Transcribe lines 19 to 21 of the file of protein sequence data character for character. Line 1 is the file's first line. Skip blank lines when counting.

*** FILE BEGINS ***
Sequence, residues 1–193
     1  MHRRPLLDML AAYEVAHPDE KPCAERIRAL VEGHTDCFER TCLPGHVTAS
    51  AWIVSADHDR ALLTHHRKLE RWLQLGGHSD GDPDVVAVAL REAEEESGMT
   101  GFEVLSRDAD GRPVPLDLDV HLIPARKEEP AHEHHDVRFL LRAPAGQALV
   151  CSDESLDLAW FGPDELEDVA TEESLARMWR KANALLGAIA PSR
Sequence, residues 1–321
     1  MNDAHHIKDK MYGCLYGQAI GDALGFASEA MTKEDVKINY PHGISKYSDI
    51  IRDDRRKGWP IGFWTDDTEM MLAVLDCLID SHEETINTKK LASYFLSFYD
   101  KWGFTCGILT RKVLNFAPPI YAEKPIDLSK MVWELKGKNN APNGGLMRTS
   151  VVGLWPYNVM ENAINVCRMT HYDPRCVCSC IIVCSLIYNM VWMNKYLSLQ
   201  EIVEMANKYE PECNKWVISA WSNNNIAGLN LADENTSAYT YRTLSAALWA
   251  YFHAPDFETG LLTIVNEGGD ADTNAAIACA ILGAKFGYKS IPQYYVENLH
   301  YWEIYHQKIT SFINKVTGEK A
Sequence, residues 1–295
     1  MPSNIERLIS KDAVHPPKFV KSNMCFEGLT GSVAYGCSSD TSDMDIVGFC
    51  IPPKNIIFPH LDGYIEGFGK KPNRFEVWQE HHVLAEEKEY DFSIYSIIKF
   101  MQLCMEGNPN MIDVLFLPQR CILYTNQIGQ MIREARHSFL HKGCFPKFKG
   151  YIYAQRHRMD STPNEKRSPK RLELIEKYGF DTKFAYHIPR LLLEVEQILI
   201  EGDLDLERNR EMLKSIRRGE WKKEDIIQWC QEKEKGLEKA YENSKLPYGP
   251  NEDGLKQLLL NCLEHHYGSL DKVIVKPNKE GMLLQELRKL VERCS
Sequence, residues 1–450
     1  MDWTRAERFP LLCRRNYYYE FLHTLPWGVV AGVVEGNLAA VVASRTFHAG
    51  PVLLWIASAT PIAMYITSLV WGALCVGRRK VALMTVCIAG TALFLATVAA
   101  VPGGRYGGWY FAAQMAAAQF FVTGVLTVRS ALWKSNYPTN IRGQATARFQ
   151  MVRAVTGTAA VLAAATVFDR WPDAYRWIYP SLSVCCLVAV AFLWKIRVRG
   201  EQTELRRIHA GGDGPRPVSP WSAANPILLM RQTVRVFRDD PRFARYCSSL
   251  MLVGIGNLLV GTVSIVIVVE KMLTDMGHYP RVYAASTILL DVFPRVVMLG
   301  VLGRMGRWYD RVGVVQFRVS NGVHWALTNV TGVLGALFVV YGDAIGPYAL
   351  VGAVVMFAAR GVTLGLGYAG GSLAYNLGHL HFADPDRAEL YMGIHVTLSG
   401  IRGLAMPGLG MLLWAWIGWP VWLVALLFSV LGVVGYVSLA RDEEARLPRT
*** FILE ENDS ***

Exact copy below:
   201  EGDLDLERNR EMLKSIRRGE WKKEDIIQWC QEKEKGLEKA YENSKLPYGP
   251  NEDGLKQLLL NCLEHHYGSL DKVIVKPNKE GMLLQELRKL VERCS
Sequence, residues 1–450